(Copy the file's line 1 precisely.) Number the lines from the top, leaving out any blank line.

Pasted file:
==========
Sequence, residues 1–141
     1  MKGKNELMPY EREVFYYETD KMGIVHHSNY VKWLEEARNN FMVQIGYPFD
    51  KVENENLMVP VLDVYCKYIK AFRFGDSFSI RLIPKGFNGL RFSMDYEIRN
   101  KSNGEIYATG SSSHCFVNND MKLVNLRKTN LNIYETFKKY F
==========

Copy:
Sequence, residues 1–141